Precision Inflation Systems
Ken Brodbeck: VP of Technology

What affect will electrification have on tires?  Virtually NONE!!

Tractor tires do not care if gas, propane, diesel, or electric power drives the tire/vehicle.

The tractor engineer and customer will still select size, tread pattern, load capacity and set tire pressures in the same way they do with diesel power.

Unlike cars, extra battery weight can be used in place of cast iron ballast.

What tractors will be the first to use electric power tractors?

Most likely, in the next 4 to 8 years only 100 hp and under tractors will utilize electric power.


People need to understand the limitations of batteries vs. diesel fueled engines:

  1. Pumping several 100 gallons of diesel is far quicker than finding a Tesla supercharger close to any agricultural field. Then waiting an hour or 2 to recharge to 80%.
  2. Farmers are not going to wait 10 minutes or 10 hours to recharge. TIME IS MONEY especially during planting, spraying harvesting, you understand.

There are several parts of Europe and Western USA where cities have decreed: NO DIESELS only electric or fuel cell.

Several tractor companies make small 100 hp electric tractors where continuous full power is not required, and charging is relatively close or time sensitive.

But for large, time sensitive high horsepower work out in the ag heartland, DIESEL POWER RULES and is the MOST COST EFFECTIVE way to grow food!  


Trelleborg Wheel Systems
Chris Neidert: Marketing, Training and Development Manager – AG

I think we can all agree that (electric) battery powered tractors are going to be in some growers’ future. If you read some articles, some will say, “In addition to being cleaner and quieter, an electric tractor is much more efficient, since all the energy goes into work; whereas, in a diesel tractor, much of it is wasted as heat, in addition, maximum torque is available immediately rather than at rated engine speed. Finally, since the power source has just one moving part, they require very little maintenance. Even the batteries are projected to last 10 years, pending operating cycles and depth of discharge.”

Better for the environment and easier on the farmer, electric tractors bring cost savings, reduced maintenance needs and flexibility to growers.

Studies have shown, a typical diesel-powered tractor, using the typical life cycle, emits 53 tons of carbon dioxide every year. A single farmer switching to electric would bring those greenhouse gas emissions to zero.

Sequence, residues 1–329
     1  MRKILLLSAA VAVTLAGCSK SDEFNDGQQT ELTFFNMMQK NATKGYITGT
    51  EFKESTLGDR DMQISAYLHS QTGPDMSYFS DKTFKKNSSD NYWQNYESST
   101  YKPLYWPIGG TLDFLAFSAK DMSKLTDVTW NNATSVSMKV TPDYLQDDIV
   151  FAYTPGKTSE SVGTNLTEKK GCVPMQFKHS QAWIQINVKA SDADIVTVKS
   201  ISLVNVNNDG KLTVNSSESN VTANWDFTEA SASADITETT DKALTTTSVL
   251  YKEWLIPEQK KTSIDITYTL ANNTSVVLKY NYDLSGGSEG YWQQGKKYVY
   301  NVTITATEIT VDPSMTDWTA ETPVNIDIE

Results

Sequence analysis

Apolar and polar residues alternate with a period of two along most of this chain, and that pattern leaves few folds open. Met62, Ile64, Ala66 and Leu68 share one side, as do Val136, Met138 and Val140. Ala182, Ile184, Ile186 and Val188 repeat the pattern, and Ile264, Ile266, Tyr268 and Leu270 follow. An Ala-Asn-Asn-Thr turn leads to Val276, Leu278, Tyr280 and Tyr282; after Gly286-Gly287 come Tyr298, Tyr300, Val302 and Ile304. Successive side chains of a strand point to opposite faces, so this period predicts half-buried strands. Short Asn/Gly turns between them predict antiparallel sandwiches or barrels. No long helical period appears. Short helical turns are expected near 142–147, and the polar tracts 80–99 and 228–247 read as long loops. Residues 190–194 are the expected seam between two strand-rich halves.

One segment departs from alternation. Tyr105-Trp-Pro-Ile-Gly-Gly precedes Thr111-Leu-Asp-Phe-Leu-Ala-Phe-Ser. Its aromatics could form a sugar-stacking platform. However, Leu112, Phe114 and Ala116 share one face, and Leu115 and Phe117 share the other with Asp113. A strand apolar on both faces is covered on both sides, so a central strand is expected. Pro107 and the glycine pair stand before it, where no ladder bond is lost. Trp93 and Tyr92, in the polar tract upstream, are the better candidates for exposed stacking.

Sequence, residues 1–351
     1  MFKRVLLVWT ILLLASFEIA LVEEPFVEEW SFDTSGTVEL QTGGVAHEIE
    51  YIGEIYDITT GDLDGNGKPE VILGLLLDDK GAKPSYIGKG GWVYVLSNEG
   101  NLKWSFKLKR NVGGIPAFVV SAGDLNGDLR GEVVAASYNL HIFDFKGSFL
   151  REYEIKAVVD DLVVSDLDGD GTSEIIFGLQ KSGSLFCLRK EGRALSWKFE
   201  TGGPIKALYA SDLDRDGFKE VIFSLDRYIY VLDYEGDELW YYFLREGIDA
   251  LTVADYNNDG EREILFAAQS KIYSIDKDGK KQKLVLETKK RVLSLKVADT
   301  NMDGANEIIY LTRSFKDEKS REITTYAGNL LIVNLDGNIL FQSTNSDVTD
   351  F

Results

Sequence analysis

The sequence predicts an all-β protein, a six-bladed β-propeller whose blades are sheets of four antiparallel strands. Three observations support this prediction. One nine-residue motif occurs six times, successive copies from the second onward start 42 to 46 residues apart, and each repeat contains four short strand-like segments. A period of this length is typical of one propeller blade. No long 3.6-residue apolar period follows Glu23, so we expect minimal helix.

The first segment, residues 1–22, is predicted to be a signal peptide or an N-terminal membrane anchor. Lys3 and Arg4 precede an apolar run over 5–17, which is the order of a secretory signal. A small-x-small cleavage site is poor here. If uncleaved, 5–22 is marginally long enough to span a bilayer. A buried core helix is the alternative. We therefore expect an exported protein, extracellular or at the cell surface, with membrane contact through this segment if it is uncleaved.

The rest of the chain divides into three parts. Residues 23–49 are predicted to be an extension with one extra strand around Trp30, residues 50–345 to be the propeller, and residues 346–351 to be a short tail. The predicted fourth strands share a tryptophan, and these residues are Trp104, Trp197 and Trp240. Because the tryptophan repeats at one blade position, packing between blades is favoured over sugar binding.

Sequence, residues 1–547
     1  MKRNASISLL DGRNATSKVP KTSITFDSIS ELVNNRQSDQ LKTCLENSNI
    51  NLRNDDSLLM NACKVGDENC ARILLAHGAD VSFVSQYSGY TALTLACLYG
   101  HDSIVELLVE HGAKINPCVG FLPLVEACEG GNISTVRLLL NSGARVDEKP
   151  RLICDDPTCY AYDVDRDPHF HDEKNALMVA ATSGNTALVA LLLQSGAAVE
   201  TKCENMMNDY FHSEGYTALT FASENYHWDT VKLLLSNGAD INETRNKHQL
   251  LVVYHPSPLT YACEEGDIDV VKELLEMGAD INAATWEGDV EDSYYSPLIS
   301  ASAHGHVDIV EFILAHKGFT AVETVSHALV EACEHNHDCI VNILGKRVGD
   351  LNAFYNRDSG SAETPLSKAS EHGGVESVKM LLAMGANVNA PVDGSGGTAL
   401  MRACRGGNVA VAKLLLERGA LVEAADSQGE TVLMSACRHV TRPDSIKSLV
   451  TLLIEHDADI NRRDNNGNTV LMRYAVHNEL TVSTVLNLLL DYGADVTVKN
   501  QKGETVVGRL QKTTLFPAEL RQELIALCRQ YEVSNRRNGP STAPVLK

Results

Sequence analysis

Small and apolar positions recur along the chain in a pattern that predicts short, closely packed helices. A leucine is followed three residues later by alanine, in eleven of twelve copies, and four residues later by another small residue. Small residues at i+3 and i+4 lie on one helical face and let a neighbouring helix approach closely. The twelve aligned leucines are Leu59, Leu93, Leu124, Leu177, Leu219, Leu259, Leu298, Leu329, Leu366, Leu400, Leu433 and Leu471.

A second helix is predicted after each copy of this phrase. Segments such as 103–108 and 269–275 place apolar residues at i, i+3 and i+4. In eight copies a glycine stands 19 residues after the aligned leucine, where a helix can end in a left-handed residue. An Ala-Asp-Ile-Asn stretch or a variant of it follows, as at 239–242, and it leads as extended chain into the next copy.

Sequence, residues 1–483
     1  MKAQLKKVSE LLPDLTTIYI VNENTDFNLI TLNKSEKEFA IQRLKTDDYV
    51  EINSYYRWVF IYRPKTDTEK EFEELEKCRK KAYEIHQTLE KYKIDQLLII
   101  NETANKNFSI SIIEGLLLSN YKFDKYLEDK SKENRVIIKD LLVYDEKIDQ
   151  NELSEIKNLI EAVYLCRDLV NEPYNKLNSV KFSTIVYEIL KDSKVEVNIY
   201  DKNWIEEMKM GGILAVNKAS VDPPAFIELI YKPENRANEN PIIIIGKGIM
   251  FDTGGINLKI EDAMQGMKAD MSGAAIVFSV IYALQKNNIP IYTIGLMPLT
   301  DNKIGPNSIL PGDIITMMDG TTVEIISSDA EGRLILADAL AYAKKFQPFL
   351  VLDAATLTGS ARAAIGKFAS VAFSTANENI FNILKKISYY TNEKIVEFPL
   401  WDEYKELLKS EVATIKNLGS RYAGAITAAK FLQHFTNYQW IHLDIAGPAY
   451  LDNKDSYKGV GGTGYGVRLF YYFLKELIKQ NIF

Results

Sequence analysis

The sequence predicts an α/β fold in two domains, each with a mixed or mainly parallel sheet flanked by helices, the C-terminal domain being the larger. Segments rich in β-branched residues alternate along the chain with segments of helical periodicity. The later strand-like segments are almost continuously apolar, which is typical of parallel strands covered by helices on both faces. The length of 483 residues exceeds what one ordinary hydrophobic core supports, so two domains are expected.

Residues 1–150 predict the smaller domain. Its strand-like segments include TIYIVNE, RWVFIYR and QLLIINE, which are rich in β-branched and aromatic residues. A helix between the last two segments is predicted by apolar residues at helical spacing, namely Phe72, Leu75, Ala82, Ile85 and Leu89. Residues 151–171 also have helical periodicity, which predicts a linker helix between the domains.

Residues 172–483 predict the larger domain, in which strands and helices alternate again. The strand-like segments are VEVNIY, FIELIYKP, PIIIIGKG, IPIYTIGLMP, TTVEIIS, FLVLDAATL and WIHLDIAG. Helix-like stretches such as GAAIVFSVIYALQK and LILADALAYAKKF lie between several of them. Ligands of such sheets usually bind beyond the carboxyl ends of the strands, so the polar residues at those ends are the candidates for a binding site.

On average, you can expect to pay around $50,000 to $100,000 for an electric tractor (including economical government incentives). You can also expect to save on upkeep, repairs and, of course, the need for fuel.

But in every situation some benefits come together with some drawbacks. Just what’s involved when using an electric tractor versus traditional diesel? If you’re employing an energy-intensive implement or running the tractor for many hours, you may need to fill up on diesel. Most medium to large farmers work long distance areas, making it difficult to recharge the batteries.

Let’s turn our attention to tires on these electric tractors. I need to lay some groundwork.

Looking into some of the electric tractors that are now on the market, you will notice the overall tractor size and weight is not very high. The main reason is that battery power is needed to move these tractors. So, the heavier the tractor, the bigger the battery required in order to deliver enough working time. With most electric vehicles, the biggest problem is the high weight of the current technology batteries, but tractors need weight for traction, so they would be an ideal electric vehicle.” Some estimates have calculated that for battery power to work in the 250 hp tractor range, a 200-kW strong battery or even more, would be needed. This 200 kW battery pack alone would weight 3 1/2 tons.

Looking at the specs of some current electric tractor in the market, the overall tractor weights are between 5720 to 6700 lbs.

With these lower weights and battery capacities, the applications are somewhat limited. These kinds of tractors will be used mainly in the yard, feedlots, dairy barns, and poultry areas where distances are short, recharging is available and utility size equipment is required. Vineyard use is another popular application for these tractors. High torque applications will be a challenge due to the potential Kilowatt (kW)/Horsepower needed as it relates to the battery size. The current power available for electric tractors in the market is between 40 and 75 kW. Speaking of that, let’s convert Kilowatt (kW) power to Horsepower (hp). We’ll use our example of a 75 kW tractor. That 75 kW on an electric tractor converts to approximately 100 hp on a diesel tractor.

The conversion formula is 1 kW = 1.34 hp.

We will project the max tractor hp to be less than 100 or less than 75 KW.

With these lower tractor weights, smaller tire sizes will be sufficient to carry the tractor weight. We all know that tire size and/or quantity of tires is related to the overall tractor weight. Below are some typical tractor tire sizes that fit the current electric vehicles:

Front = 200/70R16
Rear = 11.2R24

Front = 8” x 18”
Rear = 14.9R24

As you can see, these are on the smaller end of the ag tire size spectrum. With the smaller size, comes less weight. Although we did mention tractor weight is important, with the applications that these electric vehicles will be operating in, heavy vehicle weight is not critical. A lighter vehicle will actually help extend the battery life between charges, due to the battery using less power to actually move the lighter vehicle.